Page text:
Erosional and differential load structures.

Pressure or gravity attenuated beds.


Scour sole markings.

Slump and separation structures.


Load, separation and slump structures.


They range from quartz-wacke (95% quartz) to greywacke (>15% clay minerals) and have a clast framework of 70% quartz, 10-15% microcline and plagioclase feldspar, and 2% magnetite, ilmenite and haematite with carbon flakes in a 10-20% matrix (Bishop & Bisson, 1989, p.7). Lithic fragments are not described, but various heavy minerals with provenances from a great variety of igneous and metamorphic rocks are also recorded (Squire, 1974), which along with the variety of pebbles in the intraformational conglomerates at the isolated exposures along the northern edge of the Formation's outcrop, indicate source area(s) of many different rock types. In the area around Le Pulec, they are spotted with cordierite-biotite patches because they occur within the thermal metamorphic aureole of the adjacent granite (see light grey beds in photos).

The sequence of many sets of graded, laminated and ripple-laminated sandstones and shales has been divided into Associations I, II, III & IV and these have been related to four environments within a submarine fan complex (Helm & Pickering, 1985, pp. 43-66) and further described by Bishop and Bisson (1989, p. 9). These are respectively an inner or upper fan (I) consisting of the conglomerates and a single, deep channel along the northern junction with the granite; a mid-fan (II) with migrating channels of deposition of various cross-bedded sandstones in lenses in St. Peter's Valley, within a mixed mid-fan to outer fan (III & IV) with transient channel deposits - fan fringe deposits. In the north western coastal parts of the outcrop area (L'Étacq) there are transient channel deposits in the lower part of the mid-fan (III) with examples of turbidites and slump bedding; and finally, typical outer fan sequences of lobe and fringe deposits (IV) along the western and eastern parts of the outcrop.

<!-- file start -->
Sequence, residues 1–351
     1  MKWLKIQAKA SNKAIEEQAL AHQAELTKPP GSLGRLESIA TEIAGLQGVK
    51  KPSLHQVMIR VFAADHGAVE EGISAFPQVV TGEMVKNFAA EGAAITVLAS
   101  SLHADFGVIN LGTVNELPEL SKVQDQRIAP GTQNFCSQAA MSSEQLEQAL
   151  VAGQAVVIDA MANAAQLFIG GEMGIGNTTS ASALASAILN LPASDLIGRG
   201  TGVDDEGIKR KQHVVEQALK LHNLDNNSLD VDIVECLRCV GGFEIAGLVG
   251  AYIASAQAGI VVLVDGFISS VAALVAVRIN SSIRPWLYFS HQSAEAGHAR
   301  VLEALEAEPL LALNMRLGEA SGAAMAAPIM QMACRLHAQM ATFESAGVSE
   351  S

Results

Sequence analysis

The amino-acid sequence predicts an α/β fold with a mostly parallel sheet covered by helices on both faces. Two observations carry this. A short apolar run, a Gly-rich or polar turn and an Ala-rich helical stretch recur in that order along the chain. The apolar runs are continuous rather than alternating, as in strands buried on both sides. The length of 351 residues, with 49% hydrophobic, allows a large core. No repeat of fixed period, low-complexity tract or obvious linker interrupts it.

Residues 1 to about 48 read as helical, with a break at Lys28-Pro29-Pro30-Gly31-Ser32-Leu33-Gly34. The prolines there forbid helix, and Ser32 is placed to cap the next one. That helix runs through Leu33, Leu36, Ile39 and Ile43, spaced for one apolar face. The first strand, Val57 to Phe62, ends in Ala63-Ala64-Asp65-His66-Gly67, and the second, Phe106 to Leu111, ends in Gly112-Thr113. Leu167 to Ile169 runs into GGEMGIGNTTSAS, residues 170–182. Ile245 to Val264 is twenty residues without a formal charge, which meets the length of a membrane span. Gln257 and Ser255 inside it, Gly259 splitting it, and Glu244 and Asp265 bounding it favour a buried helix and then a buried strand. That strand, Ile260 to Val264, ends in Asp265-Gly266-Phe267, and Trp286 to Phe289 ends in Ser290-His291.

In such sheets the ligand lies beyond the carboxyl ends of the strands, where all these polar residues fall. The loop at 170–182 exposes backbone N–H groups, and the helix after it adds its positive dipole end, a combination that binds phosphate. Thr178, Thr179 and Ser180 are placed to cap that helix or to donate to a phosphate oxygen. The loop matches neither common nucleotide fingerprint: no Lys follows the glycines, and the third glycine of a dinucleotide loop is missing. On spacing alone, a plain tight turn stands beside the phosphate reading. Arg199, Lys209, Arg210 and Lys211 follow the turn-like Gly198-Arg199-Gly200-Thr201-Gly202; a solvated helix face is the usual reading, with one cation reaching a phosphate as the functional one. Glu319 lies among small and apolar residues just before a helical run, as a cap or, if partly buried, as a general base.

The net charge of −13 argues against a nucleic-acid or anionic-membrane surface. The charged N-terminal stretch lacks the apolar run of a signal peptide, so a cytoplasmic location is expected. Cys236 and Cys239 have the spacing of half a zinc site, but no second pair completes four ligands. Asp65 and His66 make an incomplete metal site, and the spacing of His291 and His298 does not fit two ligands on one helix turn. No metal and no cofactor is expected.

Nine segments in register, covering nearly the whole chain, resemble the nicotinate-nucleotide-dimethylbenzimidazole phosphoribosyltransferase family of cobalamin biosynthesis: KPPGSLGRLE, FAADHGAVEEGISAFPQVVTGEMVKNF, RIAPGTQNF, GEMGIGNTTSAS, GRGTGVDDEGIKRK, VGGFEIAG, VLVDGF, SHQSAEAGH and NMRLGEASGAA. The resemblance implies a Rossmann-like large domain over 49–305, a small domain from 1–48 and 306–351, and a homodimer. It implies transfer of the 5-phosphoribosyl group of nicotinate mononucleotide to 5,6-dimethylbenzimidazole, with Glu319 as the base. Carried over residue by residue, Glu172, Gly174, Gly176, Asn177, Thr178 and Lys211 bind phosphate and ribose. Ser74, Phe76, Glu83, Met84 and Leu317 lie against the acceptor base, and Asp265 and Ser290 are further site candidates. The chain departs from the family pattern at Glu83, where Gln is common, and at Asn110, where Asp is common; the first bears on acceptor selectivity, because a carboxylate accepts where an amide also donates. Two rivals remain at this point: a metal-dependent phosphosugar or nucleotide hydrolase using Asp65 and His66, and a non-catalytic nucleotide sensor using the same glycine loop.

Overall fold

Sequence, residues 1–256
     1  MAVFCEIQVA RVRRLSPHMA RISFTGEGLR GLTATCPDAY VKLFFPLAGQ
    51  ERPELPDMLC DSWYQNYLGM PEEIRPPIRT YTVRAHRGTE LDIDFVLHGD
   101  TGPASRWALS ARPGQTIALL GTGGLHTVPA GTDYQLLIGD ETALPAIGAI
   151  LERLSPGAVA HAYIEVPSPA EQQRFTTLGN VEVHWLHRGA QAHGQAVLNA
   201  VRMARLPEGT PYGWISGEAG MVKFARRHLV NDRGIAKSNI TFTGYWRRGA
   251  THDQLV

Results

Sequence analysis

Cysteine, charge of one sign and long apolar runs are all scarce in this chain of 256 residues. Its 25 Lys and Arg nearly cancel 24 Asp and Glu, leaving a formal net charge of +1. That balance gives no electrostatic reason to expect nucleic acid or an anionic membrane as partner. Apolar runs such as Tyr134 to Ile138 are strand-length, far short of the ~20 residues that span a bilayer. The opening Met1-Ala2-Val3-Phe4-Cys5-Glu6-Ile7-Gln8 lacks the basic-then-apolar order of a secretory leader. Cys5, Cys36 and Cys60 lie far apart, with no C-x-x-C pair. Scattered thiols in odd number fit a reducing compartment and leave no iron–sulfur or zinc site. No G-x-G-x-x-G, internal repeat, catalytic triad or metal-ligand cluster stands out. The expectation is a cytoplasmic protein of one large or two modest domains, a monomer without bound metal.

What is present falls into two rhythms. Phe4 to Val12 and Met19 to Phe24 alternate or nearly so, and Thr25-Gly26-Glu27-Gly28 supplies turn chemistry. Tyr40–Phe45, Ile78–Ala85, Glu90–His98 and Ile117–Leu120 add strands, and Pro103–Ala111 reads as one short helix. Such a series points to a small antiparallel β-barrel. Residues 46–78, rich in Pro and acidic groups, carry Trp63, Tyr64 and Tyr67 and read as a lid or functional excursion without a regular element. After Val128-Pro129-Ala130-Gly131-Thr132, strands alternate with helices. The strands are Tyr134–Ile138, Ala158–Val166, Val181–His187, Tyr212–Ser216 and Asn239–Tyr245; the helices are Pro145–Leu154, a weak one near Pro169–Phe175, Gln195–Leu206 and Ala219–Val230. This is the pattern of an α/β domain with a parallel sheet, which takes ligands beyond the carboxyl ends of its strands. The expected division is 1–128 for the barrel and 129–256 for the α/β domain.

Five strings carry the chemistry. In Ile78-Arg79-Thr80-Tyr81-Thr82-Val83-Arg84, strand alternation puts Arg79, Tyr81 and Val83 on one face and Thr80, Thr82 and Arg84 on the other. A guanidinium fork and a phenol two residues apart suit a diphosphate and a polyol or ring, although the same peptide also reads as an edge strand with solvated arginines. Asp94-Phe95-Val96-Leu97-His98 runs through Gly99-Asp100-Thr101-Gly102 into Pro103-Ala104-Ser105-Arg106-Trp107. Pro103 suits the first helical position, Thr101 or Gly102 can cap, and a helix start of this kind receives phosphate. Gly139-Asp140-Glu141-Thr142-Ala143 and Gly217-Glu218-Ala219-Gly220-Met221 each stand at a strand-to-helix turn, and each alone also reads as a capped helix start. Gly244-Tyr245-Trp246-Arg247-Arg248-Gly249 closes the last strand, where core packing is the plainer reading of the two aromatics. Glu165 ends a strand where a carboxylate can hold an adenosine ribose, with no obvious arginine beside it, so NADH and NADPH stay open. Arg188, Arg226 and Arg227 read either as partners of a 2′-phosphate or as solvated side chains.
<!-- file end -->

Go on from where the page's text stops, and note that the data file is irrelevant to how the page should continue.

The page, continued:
Current bedding directions show a northerly flow in Associations III and IV, but also an easterly and south easterly flow in Association II. Overall, the directions suggest flow down a north facing continental slope (Armorica) into a subduction zone where an oceanic plate (Celtic) was descending (Bishop & Bisson, 1989, p.9-12).

In addition to all this, metamorphic effects and fold styles and strikes can be studied as described on the relevant pages of this website.



Allaby, A. and Allaby, M. 1990. A Dictionary of Earth Sciences. 2nd. Ed. Oxford University Press.

Bishop, A. C. and Bisson, G. 1989. Classical areas of British geology: Jersey: description of 1:25,000 Channel Islands Sheet 2. (London: HMSO for British Geological Survey.)

Encyc. Brit. Eds. 2002. Boudinage. Vol. 2, p. 418.

Guerrot, C. & Peucat, J. J. 1990. U-Pb geochronology of the Upper proterozoic Cadomian Orogeny in the northern Armorican Massif, France. pp. 13-26. In D'Lemos. R. S., Strachan. R. A. and Topley. C. G. Eds. 1990. The Cadomian Orogeny. Geol. Soc. Spec. Publ. No. 51. The Geological Society. London.

Helm, D. G. & Pickering, K. T. 1985. The Jersey Shale Formation - a late Precambrian deep-water siliciclastic system, Jersey, Channel Islands. Sediment. Geol. Vol. 43. pp. 43 - 66.

Roberts, J. L. 1996. The Macmillan Field Guide to Geological Structures. Macmillan Reference Books, Macmillan Publishers Ltd. London and Basingstoke.